bowl’ from Dr. Dre and Rebecca Black’s recent hit Dre-gorian CalenDre. When I point out the low level of gun crime in the UK LaPierre’s mood darkens. He challenges me to a duel, slamming his plastic tumbler down so hard that the curly straw bounces to the ground. I refuse and LaPierre flies into a fierce rage, tearing down a life size inflatable alligator from the adjacent wall and wrestling it to the floor, before firing sixteen rounds into its belly. Punctured, air spews out of the sagging beast, causing it to career across the room and land slap in the middle of a birthday party. Amid the screams of traumatised 8 year olds, LaPierre downs his whiskey, puts on his Stetson and passes out.

Shiggy Diggy An eye for a diggy will make the whole world shiggy Weston Super Man Following reports of a great shiggying and diggying in the south cloisters, I, UCL’s greatest poet rushed there as fast as my lack of speed would allow. The long and extensive walks I’ve taken through the darker side of my psyche had led me to believe I had seen everything. Nonetheless, the scene that confronted me escapes description by normal and proper civilian words. Such things cannot be described by one of your hacks.

Instead, let the reader lap at the bowl of my logophilia. For I have recorded the event described by onlookers as “just indescribable”. Brace your body. Restrain your mind. A man was shiggying and diggying where no biggying was to be normally found. When the shiggies outnumbered the diggies the liggying crowd could be seen fleeing in all directions. Only the most steadfast of souls remained, among them yours truly albeit with a slight shig-

ward shake in my diggying heart. As the ambulance took away the hapless shiggydiggyer who was shiggydigying still, I couldn’t help but shigger and digger a little myself, and stepped outside and upwards onto the Portico. I turned the collar of my trenchcoat up to the cold, in sharp contrast to the pulling down of my trilby moments before. I lit a cigarette. I stared at the sky. Stars twinkled above the cruciform. Sentences started shortening. Night enveloped. Shiggy.

The Cheese Grater Spring 2013 7

Mick McCarthy to be New UCL Provost Change of management at the top J D Treacherous Bastard In a radical departure from both previous announcements and common sense, UCL Council has declared that football manager Mick McCarthy is to become the new Provost of UCL. In an audacious move, the university will be renamed ‘Mick McCarthy’s UCL.’ At a press conference McCarthy said of his appointment, “I’m very proud to become the new Provost of Mick McCarthy’s UCL”. The press conference was cut short at this point however, as McCarthy discovered his water was fizzy and demanded everyone leave the room to let him calm down. UCL Council Chair Sir Stephen Wall later played down this incident, instead choosing to focus on McCarthy’s ambitions for the university. “Mick really wants to shake things up around here. He’s a big believer in what he calls ‘direct education’; which means firing answers directly into students minds through constant verbal bombardment, rather than faffing about with inefficient questioning systems like examinations”. Describing his own man management

Welcome to Mick McCarthy’s UCL skills as “bloody marvellous”, McCarthy defended himself against accusations of inexperience for the role of Provost by highlighting his career in football. “I’ll tell you what I told Roy Keane at the 2002 World Cup when he dared question my experience. I said, ‘Roy, you can go hard or you can go home’. He went home. Problem solved”. “Now granted, I may not know much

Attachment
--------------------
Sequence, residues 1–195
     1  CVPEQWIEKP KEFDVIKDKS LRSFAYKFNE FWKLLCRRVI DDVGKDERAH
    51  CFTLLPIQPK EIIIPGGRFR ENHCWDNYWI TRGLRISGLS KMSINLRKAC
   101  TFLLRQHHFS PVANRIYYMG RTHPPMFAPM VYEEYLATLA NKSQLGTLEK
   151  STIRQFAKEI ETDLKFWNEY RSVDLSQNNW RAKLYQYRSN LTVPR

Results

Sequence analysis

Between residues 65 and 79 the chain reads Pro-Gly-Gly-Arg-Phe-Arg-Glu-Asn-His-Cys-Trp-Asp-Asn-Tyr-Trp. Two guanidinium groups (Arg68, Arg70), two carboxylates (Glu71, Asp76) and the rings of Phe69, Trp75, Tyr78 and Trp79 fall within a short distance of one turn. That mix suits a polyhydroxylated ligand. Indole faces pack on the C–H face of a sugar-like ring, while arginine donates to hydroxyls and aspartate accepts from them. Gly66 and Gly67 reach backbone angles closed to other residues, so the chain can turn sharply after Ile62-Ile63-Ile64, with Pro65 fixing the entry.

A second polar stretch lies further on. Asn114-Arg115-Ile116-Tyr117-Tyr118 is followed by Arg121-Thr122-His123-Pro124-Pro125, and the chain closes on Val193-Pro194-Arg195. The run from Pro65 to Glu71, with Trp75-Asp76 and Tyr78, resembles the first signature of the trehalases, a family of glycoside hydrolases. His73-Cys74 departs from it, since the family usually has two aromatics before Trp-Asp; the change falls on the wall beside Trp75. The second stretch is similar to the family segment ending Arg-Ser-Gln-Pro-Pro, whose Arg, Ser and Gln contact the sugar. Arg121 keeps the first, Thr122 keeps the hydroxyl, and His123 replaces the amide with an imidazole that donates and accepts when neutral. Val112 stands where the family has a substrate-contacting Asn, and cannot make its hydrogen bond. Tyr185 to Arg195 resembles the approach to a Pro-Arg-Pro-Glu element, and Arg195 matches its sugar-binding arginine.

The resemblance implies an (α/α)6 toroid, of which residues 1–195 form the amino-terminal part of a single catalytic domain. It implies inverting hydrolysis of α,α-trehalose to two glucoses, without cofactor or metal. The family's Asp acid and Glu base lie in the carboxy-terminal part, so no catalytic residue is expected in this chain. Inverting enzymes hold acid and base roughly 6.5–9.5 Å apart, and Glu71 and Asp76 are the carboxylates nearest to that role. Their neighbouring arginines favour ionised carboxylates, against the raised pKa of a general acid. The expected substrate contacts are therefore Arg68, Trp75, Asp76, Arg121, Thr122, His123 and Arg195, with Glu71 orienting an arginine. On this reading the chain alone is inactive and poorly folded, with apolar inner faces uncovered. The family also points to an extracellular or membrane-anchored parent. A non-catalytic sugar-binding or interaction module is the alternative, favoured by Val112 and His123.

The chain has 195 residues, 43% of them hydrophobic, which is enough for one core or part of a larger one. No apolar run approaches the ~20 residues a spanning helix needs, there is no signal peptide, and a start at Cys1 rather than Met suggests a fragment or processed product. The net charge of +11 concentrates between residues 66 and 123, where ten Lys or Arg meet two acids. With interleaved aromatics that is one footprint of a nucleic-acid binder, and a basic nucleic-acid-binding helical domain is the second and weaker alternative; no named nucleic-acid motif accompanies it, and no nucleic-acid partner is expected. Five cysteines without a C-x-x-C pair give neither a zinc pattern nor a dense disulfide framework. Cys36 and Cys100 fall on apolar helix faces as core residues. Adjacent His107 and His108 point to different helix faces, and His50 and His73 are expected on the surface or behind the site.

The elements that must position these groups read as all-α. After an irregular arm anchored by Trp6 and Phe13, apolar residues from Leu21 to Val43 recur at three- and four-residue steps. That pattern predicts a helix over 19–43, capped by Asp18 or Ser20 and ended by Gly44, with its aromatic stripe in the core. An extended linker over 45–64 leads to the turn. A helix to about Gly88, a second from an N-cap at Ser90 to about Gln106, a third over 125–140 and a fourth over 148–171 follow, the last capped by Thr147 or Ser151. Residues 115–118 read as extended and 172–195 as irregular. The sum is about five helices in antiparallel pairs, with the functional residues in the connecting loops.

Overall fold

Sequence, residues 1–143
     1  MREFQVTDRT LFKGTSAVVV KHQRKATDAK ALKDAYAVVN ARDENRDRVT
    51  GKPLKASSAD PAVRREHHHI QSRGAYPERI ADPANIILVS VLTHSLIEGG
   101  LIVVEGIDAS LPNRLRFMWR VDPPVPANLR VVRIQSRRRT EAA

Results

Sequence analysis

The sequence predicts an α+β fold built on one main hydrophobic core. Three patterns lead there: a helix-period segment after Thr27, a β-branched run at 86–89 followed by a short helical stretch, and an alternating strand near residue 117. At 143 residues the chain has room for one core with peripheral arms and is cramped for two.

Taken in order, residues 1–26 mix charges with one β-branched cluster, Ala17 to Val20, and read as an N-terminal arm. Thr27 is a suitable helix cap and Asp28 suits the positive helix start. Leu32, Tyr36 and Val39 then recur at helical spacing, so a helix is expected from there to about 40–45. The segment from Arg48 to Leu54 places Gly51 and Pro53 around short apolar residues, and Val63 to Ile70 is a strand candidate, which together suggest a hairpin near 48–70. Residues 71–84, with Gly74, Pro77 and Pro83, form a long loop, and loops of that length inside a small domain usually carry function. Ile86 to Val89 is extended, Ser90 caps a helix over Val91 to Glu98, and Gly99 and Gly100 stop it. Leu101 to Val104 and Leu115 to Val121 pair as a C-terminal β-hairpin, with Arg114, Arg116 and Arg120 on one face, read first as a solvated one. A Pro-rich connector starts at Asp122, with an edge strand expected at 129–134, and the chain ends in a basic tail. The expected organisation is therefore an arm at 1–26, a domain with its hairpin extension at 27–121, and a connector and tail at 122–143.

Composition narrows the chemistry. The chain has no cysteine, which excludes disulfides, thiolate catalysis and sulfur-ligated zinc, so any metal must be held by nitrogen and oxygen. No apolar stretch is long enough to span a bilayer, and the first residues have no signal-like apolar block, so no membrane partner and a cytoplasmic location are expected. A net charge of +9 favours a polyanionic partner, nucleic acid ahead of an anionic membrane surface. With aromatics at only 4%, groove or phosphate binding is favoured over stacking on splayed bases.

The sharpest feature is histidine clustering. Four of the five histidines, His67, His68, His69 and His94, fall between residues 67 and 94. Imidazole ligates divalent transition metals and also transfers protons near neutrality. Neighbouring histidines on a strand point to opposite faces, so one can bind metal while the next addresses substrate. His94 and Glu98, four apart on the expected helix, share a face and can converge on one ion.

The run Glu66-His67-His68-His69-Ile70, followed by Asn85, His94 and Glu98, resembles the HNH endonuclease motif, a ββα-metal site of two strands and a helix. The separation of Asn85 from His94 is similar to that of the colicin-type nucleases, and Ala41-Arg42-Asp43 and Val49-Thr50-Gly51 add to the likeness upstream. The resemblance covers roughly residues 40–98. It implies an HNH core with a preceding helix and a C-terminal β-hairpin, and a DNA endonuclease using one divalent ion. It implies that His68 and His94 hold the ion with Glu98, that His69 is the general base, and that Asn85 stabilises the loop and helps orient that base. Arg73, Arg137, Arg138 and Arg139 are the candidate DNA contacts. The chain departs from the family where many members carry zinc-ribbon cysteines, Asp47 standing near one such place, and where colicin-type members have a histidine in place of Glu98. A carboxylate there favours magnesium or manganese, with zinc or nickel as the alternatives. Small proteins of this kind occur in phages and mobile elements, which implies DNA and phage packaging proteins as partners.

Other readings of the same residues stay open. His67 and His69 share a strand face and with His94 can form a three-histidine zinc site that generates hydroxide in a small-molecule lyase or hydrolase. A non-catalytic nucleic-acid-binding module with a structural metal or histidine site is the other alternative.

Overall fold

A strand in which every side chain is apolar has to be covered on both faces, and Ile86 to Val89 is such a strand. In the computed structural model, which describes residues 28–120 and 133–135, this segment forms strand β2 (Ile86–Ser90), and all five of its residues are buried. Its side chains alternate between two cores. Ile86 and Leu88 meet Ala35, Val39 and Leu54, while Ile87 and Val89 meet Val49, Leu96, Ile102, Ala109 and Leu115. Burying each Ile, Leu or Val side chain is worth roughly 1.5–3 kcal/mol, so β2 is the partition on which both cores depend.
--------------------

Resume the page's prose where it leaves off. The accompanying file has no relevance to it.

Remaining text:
about Bloomsbury, or London, or much of England come to think of it, but I know how to get results”. At this point the interview was cut short by McCarthy’s discovery that his toasted panini contained tuna. We were instructed to vacate the room to let him calm down. Vice Provost Robbie Savage later dismissed the incident, explaining, “Mick hates tuna”.

has been lauded by critics. John Pilger writes in the Independent, “not since the days of Robert Fisk’s exposé of the Sabra and Shatila massacre in Beirut have we seen such incisive reportage”, adding, “Daley looks great in his trunks”.

John Simpson injects his usual musty sex appeal into ITV’s new celebrity competition show, Splash. The renowned war correspondent is tasked with training celebrities how to jump into water from a height.

Our TV Picks The BBC has given diving star Tom Daley his biggest challenge yet. The Olympic bronze medallist is to present a four part documentary, In the Line of Fire, on the civil war in Syria. Episodes see Daley charting the country’s decline into violence over the past four years. Drawing on the history of Syria’s complex sectarian divisions, historic Arab nationalism and the current international power play at work, Daley paints a delicate picture of the underlying tensions that resulted in the current conflict. During the first episode, Daley meets refugees in Aleppo and testament to his enduring sense of humanity, says to the camera, “and I thought I was in at the deep end!” The show has had difficulty drawing a Saturday night audience, but

8 Spring 2013 The Cheese Grater

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50 Shades of Black and White

UCL UNION CHEESE GRATER MAGAZINE SOCIETY President and Editor—Will Rowland Investigations Editor—Oscar Webb Humour Editor—James Donaldson-Briggs

© UCL Union, 25 Gordon Street, London WC1H 0AY. The views expressed herein are not necessarily those of UCL Union or the editor.

Cheese Grater Magazine - Issue 37  
Cheese Grater Magazine - Issue 37  

In this issue: Full extent of Bloomsbury Masterplan revealed; Profile of the incoming Provost; Crazy Golf World Championship gets heated in...